Andrew Gwynne MP has attempted to claim publicly on the BBC’s Andrew Marr show that the Labour Party had accepted the definition and yet simultaneously wanted to rewrite it, stating: “We have written into the rules the international definition – but in terms of the examples we don’t think these examples go far enough…We want…to write into Labour Party rules a much broader definition of antisemitism that goes beyond that, including terms like ‘Zio’ which quite frankly are abhorrent and insulting.” Both Mr Gwynne and Diane Abbott MP also implied that in some way the definition does not allow criticism of Israel, despite the definition explicitly stating that “criticism of Israel similar to that levelled against any other country cannot be regarded as antisemitic.”
Mr Gwynne seemed to be implying – as some individual Labour councils have previously – that they can adopt the very generalist and vague opening paragraph of the definition and reject the examples that form part of it. However, the definition, including its examples, is a single document, as confirmed by its authors, who state that the examples are not merely optional guidance but are an inseparable part of the definition itself.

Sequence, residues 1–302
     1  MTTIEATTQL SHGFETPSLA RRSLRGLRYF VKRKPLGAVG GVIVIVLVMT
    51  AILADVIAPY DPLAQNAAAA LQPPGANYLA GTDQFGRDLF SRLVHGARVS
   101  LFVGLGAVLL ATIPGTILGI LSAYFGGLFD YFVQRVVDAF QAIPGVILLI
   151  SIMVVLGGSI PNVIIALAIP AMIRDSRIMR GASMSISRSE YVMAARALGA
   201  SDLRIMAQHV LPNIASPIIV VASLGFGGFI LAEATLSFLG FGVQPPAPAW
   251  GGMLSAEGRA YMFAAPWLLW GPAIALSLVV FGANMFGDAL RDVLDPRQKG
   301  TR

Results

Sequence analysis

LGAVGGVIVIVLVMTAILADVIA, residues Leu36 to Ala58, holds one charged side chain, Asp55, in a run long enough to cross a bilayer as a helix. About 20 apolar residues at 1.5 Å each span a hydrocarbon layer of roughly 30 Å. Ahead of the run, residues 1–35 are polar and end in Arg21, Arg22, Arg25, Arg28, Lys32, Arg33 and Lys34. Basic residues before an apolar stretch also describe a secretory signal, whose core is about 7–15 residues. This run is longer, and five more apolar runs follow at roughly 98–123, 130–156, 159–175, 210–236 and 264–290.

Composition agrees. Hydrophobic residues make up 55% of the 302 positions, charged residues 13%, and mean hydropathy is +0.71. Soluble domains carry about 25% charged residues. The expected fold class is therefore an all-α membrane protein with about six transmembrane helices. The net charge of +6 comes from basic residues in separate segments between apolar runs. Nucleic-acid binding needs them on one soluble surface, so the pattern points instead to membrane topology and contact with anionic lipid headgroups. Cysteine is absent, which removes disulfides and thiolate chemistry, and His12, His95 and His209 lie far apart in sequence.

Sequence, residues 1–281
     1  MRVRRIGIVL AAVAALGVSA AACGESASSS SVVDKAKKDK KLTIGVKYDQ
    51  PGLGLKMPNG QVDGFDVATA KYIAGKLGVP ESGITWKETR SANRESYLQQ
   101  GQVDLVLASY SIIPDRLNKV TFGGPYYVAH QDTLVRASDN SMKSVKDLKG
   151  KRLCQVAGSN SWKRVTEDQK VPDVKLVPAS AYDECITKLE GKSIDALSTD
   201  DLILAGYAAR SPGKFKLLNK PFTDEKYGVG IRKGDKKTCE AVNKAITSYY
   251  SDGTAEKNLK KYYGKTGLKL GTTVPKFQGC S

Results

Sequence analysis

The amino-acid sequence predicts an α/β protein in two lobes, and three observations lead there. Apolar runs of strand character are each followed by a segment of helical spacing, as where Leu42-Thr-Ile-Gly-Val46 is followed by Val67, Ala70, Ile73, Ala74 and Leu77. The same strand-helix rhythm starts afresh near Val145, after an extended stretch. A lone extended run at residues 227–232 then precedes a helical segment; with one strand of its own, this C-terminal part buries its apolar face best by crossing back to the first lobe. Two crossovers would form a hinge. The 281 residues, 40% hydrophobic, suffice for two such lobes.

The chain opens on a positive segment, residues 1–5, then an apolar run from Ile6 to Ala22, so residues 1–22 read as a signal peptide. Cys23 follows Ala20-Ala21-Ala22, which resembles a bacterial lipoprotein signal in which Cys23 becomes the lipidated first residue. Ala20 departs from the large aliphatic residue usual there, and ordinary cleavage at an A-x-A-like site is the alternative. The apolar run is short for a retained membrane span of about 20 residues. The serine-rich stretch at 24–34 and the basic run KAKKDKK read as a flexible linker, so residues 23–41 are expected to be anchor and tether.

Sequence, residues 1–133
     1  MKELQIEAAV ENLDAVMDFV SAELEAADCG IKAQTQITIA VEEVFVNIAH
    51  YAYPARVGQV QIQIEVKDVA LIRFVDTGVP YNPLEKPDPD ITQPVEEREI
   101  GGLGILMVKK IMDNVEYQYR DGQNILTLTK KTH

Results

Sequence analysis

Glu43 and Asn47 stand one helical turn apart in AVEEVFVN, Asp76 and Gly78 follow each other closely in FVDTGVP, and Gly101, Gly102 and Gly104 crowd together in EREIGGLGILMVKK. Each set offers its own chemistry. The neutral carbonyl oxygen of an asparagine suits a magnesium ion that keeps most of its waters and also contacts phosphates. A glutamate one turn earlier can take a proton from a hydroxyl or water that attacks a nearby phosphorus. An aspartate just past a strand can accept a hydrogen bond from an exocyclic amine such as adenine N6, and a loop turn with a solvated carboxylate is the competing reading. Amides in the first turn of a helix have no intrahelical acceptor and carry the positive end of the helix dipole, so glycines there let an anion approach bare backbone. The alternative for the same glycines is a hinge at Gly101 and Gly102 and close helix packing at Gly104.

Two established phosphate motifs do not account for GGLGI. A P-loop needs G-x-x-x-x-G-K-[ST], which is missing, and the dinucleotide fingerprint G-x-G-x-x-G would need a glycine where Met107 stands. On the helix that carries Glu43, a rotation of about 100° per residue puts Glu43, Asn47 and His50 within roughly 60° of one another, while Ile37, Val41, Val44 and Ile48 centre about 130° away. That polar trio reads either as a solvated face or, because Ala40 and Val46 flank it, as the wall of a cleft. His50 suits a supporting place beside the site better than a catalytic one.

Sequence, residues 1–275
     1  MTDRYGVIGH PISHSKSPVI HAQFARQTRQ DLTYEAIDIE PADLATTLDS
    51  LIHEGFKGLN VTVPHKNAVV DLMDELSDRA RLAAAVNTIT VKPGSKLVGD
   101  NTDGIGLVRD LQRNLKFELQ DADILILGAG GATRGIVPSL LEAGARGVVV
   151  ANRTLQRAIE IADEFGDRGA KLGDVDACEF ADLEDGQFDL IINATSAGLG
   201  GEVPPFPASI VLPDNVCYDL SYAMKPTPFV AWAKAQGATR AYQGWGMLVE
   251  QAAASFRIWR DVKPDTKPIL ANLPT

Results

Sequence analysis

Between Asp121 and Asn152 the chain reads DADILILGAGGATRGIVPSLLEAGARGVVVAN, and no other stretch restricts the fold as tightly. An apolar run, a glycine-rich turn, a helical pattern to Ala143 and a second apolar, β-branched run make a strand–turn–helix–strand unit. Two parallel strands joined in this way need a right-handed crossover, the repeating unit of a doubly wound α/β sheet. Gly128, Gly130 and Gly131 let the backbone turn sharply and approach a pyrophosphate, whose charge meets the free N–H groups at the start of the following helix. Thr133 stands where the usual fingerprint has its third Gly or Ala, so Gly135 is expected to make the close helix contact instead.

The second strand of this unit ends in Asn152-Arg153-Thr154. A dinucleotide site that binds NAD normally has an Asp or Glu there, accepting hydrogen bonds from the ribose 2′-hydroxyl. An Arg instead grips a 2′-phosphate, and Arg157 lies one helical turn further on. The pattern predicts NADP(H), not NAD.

To ensure that there could be no doubt, Mihnea Constantinescu, who was the Romanian Chair of International Holocaust Remembrance Alliance (IHRA) during the Bucharest Plenary which adopted the definition, and Mark Weitzman, the former Chair of the IHRA’s committee on Antisemitism and Holocaust denial issued a statement saying: “We can confirm that the definition itself (as stated in the text of the adopted definition) is part of the entire document, including examples, that was officially adopted (as one piece) by the IHRA Plenary on 26th May 2016. There is no question about that and any assertion otherwise is absolutely false or misleading.”